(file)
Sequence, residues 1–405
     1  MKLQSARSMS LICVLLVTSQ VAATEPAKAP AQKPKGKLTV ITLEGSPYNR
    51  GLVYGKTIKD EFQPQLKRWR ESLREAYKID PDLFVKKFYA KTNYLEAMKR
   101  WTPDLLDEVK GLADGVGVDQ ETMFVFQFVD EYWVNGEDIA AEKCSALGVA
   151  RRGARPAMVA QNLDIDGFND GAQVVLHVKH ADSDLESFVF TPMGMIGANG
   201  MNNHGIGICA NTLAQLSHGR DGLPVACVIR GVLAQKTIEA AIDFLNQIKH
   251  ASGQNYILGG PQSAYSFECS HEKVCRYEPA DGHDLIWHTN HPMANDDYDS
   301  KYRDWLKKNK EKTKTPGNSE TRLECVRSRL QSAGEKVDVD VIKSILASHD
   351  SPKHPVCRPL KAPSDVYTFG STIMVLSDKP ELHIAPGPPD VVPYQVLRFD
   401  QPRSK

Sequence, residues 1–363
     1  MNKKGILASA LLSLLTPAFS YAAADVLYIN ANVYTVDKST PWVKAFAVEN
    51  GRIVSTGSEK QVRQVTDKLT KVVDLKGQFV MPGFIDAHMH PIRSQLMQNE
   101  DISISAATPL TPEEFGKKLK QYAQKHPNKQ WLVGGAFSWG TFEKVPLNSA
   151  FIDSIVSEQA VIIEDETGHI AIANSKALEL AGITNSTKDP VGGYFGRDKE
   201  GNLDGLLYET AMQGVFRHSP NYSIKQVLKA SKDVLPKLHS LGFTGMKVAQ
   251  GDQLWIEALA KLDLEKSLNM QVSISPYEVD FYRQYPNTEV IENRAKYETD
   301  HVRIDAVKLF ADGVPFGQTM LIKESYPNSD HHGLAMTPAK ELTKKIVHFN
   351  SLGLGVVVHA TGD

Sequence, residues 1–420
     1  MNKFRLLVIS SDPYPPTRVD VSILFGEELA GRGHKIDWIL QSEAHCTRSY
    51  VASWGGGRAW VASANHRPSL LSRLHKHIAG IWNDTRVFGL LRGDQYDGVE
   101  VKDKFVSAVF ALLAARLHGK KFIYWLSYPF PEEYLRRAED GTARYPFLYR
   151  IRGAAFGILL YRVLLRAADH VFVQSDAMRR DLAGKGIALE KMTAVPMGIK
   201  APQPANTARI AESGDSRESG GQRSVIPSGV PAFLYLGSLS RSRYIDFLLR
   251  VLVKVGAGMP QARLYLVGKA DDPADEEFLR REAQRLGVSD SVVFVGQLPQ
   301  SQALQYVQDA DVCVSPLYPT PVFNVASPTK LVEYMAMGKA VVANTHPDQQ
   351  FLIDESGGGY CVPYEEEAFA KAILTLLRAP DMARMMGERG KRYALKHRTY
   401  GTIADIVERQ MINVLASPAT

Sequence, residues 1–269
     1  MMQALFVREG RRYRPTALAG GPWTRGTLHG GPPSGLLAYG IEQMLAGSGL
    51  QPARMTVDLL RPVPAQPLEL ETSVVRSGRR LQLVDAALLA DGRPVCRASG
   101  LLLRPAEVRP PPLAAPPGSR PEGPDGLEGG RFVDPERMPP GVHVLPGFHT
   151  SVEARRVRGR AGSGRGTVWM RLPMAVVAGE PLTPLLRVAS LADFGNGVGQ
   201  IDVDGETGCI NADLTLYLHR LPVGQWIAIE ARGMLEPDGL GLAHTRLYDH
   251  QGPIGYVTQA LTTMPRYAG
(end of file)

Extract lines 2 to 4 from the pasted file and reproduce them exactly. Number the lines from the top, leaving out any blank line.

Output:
     1  MKLQSARSMS LICVLLVTSQ VAATEPAKAP AQKPKGKLTV ITLEGSPYNR
    51  GLVYGKTIKD EFQPQLKRWR ESLREAYKID PDLFVKKFYA KTNYLEAMKR
   101  WTPDLLDEVK GLADGVGVDQ ETMFVFQFVD EYWVNGEDIA AEKCSALGVA